Is your homemade sundial accurate?

What has just happened?

This is a great way to teach your kids about the Earth’s rotation. Sundials are the oldest known instruments for telling time by tracking the sun’s position and the shadow it casts.

The sun’s movement across the sky is directly related to Earth’s rotation on its own axis. As Earth rotates, the sun is apparently moving across the sky. But that’s only an illusion… the ones who are actually moving it’s US!

34. Have you ever wondered how long it takes your brain to respond to an external stimulus?

With this experiment, you will be able to test your reaction times. And all you will need is a ruler! 

35. Even if air is everywhere, we can’t really see it.

Does your kid find it difficult to understand that air is a real substance, occupies space, and has weight? Try out this simple experiment

36. Bottled tornado!

Ingredients and tools:

  • 2 empty bottles (2-liter)
  • Water
  • 1 cyclone tube
  • Small objects that can be introduced in the bottles (optional)


  1. Fill one of the bottles with water (3/4 full). If you wish, you can place small items inside the bottle too.
  2. Use the cyclone tube to attach the second bottle to the one filled with water. 
  3. Flip the bottles upside down and give them a circular shape. 

What has just happened?

This is a great experiment to show kids how tornados form their characteristic shape. By introducing small objects in the bottles, kids can see how real tornados whip objects around.

37. Egg in a bottle!

Ingredients and tools:

  • 1 peeled, hard-boiled egg 
  • 1 glass bottle (the mouth of the bottle needs to be smaller than the egg)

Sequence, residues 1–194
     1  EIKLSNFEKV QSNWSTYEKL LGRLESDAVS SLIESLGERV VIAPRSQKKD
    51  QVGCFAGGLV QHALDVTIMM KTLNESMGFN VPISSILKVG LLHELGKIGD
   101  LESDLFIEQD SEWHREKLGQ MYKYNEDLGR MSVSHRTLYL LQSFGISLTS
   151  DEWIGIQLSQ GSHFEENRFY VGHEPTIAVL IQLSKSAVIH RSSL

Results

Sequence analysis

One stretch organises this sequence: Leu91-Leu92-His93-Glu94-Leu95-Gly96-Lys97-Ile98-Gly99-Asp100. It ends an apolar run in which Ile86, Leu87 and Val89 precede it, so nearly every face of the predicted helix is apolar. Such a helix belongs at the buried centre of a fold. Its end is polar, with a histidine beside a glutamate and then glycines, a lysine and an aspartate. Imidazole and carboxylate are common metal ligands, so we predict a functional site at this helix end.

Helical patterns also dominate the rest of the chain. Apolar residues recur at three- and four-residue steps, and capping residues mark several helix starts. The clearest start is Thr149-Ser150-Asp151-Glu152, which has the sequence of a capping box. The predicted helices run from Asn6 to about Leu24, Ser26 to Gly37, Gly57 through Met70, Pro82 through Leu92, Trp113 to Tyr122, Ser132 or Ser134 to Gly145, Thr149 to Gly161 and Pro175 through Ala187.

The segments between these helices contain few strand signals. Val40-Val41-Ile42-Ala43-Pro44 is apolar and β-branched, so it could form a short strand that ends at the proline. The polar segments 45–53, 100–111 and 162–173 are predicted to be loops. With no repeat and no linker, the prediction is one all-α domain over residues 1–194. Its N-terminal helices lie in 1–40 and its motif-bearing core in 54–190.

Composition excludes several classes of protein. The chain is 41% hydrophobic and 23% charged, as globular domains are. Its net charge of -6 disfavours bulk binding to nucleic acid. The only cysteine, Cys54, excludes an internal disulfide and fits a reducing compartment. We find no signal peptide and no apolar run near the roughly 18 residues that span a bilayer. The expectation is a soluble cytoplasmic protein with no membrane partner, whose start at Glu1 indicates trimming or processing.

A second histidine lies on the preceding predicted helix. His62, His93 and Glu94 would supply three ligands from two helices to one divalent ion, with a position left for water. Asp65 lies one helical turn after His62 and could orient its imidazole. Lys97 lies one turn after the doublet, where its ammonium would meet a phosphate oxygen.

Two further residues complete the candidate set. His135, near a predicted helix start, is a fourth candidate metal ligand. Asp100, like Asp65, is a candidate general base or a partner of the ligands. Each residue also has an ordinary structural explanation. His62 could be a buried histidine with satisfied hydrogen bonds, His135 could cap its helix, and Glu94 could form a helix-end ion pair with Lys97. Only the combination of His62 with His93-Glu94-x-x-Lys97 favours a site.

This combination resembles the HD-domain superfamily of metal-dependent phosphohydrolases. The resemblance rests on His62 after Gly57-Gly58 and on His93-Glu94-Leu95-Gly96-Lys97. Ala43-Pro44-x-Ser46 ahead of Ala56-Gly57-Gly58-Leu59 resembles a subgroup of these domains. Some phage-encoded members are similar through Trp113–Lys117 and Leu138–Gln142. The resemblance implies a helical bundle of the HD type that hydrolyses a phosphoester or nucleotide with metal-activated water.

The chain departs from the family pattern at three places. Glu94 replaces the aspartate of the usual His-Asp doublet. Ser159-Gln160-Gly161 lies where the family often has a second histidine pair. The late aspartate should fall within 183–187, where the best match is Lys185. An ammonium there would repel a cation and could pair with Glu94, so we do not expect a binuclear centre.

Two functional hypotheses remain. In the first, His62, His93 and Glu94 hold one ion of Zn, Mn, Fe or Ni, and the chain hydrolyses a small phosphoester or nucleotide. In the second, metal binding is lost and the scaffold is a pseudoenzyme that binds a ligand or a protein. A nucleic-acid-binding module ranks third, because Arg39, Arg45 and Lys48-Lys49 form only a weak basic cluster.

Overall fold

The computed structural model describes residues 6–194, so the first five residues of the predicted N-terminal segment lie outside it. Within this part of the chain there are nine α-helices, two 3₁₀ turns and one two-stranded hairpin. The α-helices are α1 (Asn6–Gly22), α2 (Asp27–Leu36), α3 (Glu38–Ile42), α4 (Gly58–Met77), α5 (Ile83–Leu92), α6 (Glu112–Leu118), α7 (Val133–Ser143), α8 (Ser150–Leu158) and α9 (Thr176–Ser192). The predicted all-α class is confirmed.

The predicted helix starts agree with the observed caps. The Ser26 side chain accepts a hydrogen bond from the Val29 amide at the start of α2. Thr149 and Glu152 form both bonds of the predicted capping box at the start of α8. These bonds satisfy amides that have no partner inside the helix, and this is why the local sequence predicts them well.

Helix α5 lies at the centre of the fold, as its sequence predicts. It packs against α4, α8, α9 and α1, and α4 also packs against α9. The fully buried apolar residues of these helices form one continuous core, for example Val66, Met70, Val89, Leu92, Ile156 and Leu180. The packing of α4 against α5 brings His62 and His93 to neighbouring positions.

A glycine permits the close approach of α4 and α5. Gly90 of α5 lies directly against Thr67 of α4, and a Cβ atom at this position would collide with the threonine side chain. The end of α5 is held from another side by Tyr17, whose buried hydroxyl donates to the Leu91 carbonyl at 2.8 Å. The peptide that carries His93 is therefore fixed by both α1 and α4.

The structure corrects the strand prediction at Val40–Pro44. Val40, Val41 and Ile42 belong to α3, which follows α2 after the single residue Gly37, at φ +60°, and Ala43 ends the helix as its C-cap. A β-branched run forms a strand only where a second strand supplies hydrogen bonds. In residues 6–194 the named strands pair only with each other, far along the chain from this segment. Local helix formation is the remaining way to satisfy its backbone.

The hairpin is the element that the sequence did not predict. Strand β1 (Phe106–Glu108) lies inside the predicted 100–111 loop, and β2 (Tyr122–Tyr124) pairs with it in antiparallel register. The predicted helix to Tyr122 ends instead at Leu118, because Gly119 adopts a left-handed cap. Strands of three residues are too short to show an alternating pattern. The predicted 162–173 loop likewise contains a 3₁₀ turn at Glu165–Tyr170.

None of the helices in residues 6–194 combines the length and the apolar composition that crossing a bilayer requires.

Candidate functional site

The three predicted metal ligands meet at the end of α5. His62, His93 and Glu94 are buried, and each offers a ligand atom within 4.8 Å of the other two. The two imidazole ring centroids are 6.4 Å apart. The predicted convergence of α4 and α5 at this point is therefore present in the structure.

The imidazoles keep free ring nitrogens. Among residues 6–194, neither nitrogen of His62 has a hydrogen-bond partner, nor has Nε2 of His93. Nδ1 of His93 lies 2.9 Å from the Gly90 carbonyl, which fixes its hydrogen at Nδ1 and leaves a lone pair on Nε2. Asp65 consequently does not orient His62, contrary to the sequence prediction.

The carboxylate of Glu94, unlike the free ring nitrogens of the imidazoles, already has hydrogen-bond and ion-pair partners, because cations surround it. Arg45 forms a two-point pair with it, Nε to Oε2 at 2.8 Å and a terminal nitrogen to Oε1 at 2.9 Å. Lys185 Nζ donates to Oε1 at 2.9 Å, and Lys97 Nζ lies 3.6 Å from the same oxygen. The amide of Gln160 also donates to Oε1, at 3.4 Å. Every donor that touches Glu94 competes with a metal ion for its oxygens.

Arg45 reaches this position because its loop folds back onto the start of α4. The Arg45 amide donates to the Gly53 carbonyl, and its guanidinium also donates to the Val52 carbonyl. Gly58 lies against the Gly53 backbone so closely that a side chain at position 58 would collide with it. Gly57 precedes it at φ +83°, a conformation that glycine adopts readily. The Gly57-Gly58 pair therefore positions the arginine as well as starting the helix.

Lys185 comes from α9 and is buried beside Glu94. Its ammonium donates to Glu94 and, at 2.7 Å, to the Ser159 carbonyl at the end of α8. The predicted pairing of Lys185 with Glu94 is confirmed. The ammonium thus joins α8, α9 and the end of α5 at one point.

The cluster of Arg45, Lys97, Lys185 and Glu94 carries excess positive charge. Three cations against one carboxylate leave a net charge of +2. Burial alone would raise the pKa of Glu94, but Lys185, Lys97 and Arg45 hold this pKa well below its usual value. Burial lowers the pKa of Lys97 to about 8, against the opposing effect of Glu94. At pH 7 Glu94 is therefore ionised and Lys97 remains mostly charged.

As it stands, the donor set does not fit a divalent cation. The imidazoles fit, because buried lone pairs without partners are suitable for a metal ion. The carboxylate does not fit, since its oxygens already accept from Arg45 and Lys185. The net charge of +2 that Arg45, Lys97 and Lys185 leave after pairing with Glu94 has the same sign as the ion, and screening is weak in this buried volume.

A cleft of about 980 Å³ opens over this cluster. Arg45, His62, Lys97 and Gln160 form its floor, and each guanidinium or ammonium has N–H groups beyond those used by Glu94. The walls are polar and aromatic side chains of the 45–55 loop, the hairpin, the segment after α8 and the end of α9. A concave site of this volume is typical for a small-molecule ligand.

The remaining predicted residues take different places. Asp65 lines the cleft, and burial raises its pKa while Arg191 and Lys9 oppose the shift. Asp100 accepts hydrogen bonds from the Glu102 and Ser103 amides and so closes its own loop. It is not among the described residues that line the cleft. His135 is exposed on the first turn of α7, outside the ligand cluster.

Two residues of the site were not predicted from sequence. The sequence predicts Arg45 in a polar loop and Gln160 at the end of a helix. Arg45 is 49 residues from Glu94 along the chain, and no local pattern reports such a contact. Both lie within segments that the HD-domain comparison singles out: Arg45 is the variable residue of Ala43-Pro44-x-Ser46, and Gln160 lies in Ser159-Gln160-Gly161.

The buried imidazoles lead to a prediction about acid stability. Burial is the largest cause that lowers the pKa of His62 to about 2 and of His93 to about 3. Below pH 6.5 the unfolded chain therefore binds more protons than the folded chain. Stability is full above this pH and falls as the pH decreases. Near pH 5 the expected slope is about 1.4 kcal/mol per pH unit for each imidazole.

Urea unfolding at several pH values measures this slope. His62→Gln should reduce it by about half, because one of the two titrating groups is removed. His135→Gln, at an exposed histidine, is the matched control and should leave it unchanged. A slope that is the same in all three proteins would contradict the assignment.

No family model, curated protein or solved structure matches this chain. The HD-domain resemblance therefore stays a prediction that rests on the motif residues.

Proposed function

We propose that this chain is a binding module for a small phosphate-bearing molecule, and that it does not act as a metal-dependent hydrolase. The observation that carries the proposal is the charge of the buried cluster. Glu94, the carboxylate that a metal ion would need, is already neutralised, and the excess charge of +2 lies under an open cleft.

• A paper strip (long enough to end below the bottle’s mouth)
  • Matches


  1. Keep the egg on hand. 
  2. Light the paper strip and quickly drop it into the glass bottle.
  3. Quickly place the egg on the bottle’s mouth.
  4. Watch the egg getting sucked into the bottle!

38. You can help your kids get a privileged view of a raw egg’s yolk

by simply leaving the egg rest in a jar filled with vinegar for a few days. Will its shell dissolve? This is what you need to do to find out.

What has just happened?

This is a great experiment to understand how pressure works. Basically, in fixed environments, when the temperature goes up, the pressure will go up too.

When you place the burning paper strip in the bottle, the air expands and makes the pressure go up.

By placing the egg on top of the bottle, you will cause the fire to run out of oxygen and go out. The temperature cools, causing air to contract and suck the egg inside the bottle. 

39. Turning a glass filled with water upside down

usually ends up with a mess. But is there a way to defy gravity and prevent water from spilling? With this experiment, you will show kids how air pressure works. 

40. We have seen how to get an egg sucked into a bottle.

But can eggs float on water? What does the water need to contain to keep the egg floating? To reveal the mystery, you can make this experiment. 

41. The water movement experiment  

Ingredients and tools:

  • Water
  • A couple of clear containers
  • Food colouring
  • Cabbage or celery (stalk included)


  1. Pour water into the containers.
  2. Add food colouring to each container. You can use different shades. 
  3. Slice the cabbage or celery from the stalk and place the pieces into the containers. Make sure you include the stalk. 
  4. Just wait and see what happens! 

What has just happened?

Plants –such as celery or cabbage – have tubes inside them. These tubes allow them to pull the water from the ground and transport it through their leaves.

By adding food colouring to the water, kids will get to see exactly how water moves from the stalk to the leaves. 

42. The walking rainbow!

Ingredients and tools:

  • Water
  • 6 glasses
  • Red, yellow, and blue food colouring
  • Paper towels


  1. Place the glasses in a circle.
  2. Fill up every second glass with water (i.e. glass 1, 3, 5).